Dorna Longbut (pictured second from left) prepares to make her Para badminton debut
In 2020, four players made history as they became the first players to represent Papua New Guinea at an international badminton tournament – the VICTOR Oceania Para Badminton Championships in Ballarat, Australia.
Jerome Bunge, David Joe Kaniku, Danny Ten and Nelly Leva were the quadrant who travelled to Ballarat and further funding from the Australian High Commission in Papua New Guinea has allowed their legacy to continue as most members of the team return to the Continental Championships in Melbourne next week.
Originally, David Kaniku was planning to compete but is no longer able as there were not enough entries in the SH 6 classification. However, the team welcomes a new face onboard – Dorna Longbut.
Dorna will be making her Para badminton debut just six weeks after winning her first Pacific Mini Games medal in Para Athletics. Like the ways Nellie Leva was able to use her transferable skills between javelin and Para badminton which saw her compete in the Tokyo 2020 Paralympic Games, Dorna is hoping to benefit in the same way.
Learn more about her journey in the build up to the VICTOR Oceania Para Badminton Championships 2022 in this Q+A:
Tell us more about yourself…
I’m 23 and I come from a province called East New Britain. I like traveling and seeing new places and meeting different people, especially from Para sport and getting to know their stories.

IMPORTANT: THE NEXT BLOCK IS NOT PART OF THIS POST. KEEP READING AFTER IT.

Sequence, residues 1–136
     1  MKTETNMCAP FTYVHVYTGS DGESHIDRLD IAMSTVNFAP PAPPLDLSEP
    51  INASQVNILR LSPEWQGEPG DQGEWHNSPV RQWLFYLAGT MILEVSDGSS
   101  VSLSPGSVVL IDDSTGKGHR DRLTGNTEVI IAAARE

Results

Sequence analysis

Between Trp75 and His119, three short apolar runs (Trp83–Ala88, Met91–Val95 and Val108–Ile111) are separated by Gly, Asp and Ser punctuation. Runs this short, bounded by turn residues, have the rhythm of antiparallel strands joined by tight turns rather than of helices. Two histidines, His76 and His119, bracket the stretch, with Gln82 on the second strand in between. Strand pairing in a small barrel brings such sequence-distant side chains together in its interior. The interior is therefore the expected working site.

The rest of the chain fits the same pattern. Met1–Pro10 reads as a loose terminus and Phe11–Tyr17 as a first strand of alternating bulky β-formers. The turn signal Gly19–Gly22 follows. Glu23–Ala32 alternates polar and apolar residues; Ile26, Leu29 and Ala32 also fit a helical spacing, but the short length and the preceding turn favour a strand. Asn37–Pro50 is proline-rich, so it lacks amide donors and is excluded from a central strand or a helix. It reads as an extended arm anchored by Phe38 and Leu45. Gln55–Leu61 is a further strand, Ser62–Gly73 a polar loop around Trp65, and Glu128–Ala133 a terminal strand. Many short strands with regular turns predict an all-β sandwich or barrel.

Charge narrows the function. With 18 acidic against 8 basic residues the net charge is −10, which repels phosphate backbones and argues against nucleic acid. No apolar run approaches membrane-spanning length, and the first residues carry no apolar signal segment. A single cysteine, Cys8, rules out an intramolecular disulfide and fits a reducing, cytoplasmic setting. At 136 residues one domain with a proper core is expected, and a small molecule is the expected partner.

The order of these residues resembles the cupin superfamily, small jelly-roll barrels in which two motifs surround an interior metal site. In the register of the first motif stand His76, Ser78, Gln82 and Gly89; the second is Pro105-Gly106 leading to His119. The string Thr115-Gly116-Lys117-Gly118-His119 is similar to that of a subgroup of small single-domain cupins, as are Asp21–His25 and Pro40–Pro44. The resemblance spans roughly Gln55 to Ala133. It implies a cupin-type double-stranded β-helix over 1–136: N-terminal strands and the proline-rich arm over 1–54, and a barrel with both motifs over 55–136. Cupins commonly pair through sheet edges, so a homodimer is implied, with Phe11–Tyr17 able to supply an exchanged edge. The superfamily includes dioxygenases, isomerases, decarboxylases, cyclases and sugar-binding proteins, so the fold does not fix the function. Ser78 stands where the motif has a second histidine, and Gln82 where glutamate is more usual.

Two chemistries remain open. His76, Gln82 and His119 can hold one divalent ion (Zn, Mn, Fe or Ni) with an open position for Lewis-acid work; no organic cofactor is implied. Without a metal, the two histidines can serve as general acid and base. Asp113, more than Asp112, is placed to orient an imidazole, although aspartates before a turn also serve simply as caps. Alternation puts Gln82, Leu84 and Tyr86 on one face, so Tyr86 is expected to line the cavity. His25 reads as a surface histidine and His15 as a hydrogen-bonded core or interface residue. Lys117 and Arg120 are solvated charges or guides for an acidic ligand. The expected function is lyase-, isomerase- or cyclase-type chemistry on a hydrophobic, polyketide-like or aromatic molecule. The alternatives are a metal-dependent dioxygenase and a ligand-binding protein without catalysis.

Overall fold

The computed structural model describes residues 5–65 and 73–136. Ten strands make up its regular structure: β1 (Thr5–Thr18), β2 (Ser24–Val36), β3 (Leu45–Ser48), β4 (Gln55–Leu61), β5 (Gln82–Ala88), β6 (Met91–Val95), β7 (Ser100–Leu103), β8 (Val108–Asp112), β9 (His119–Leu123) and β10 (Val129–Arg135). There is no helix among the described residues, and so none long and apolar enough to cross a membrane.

I am currently working and studying and hope to finish my diploma soon. I grew up in a rugby-orientated family and community, so I love watching rugby on the weekends with my family especially my dad and brothers. I’ve been enjoying playing athletics and badminton for the last couple of months too.
Can you tell me more about your injury?
In 2017, I played in a rugby league grand final game back home in my local town and broke left hand and dislocated my left elbow. They put a cast on my arm but failed to create a window in the cast to allow air through. The cast was suffocating the wound. The lack of oxygen caused blackness, swelling, and stopped the flow of blood through my left hand. The negligence left my hand numb so they referred me to another hospital where I stayed for almost a whole year, going through more than 20 theatre procedures trying to save my hand. However, to no avail as it cannot move anymore.
Since your injury, what has your sporting journey looked like?
I recently joined both Para badminton and Athletics this year. In April, I competed for para-athletics in a British Athletics invite during a GAPS camp in Birmingham, England and more recently, at the Mini Pacific games in Saipan I won bronze in the shotput ambulant event and I also achieved my greatest title yet – Gold in the women’s 100 meters ambulant.
My journey into Para badminton was somewhat exciting as I’ve never played this game before with no official rally yet but going into this year’s Oceania tournament I’m looking forward for more exposure and experience.
All matches on courts one and two will be available to watch on the live stream, while news and results from the event will be available to view on our website and Facebook page. Join the conversation using #VOC22.
Badminton Oceania thanks the Australian High Commission for supporting the team and our mission to make badminton more accessible.
This funded initiative also compliments the ongoing efforts of the Inclusive GymBad. The programme which is exclusive to Papua New Guinea combines Shuttle Time and Gymnastics activities, delivering to communities while aiming to remove or reduce the barriers experienced by people with a disability, particularly women and girls, to participate equally. Similarly, this is funded by the Australian Government through the #PNGAusPartnership